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The management of limb length discrepancy (LLD) continues to be a challenging subject in orthopedics, especially when LLD is secondary to trauma, owing to its long course and unpredictable clinical outcome [1,2,3,4]. Limb lengthening was an essential treatment for the conditions mentioned above, which was first described by Alessandro Codivilla and further developed in the twentieth century [4, 5].

Currently, the Ilizarov technique based on distraction osteogenesis is the cornerstone of all bone lengthening procedures [5,6,7]. Ilizarov’s principle was applied to treat a wide variety of conditions such as bone shortening, bone defects, nonunion, fracture, and deformities [8]. Despite its unique ability to produce osteogenesis and regeneration, this prolonged procedure is restricted by the undesirable long duration of treatment and associated complications. To overcome the inevitable long period required for external fixation with monofocal limb lengthening, studies using bifocal limb lengthening (to shorten the total treatment time by distracting two osteotomy sites and increasing the daily lengthening amount), lengthening over a nail, lengthening followed by nailing or plating, intramedullary nails without the need for external fixation, and recently, motorized internal lengthening nails PRECISE and STRYDE have been reported with successful outcomes [9,10,11,12,13].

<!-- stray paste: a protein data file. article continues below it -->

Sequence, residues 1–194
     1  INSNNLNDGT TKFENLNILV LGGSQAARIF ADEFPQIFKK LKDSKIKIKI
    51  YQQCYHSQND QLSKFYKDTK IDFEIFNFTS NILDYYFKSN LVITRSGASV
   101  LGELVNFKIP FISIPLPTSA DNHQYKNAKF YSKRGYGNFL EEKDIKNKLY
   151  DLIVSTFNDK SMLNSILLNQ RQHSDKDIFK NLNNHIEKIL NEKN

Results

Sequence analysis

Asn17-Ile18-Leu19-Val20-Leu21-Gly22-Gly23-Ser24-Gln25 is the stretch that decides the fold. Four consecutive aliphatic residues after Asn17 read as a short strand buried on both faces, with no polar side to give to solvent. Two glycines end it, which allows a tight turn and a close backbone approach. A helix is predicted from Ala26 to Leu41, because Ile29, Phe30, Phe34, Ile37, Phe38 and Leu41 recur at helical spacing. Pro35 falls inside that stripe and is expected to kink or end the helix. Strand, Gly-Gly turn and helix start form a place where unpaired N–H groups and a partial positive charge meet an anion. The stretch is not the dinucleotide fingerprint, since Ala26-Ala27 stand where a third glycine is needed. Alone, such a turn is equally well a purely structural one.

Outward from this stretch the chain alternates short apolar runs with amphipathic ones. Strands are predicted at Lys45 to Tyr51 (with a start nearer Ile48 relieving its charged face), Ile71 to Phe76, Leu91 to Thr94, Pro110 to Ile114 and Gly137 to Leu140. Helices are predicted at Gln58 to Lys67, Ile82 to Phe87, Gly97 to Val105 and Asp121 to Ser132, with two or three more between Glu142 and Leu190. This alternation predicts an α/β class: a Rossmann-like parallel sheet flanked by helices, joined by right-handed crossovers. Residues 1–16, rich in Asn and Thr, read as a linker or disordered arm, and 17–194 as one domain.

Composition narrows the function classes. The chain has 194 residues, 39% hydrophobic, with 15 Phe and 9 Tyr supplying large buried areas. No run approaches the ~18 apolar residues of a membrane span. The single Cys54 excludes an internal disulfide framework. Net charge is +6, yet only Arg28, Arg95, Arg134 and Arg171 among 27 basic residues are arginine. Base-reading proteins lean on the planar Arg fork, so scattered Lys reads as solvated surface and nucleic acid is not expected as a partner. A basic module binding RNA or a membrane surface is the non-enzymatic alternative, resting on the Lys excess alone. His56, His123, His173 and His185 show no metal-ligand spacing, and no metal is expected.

In this study, based on a summary of the previous method and our experience, we adopted a the three-dimensional design for precise preoperative planning and combined it with bifocal femoral lengthening, treating eight patients with posttraumatic limb length discrepancy. The clinical outcomes of all included patients were presented to provide the efficacy of this combined technique in the restoration of posttraumatic LLD.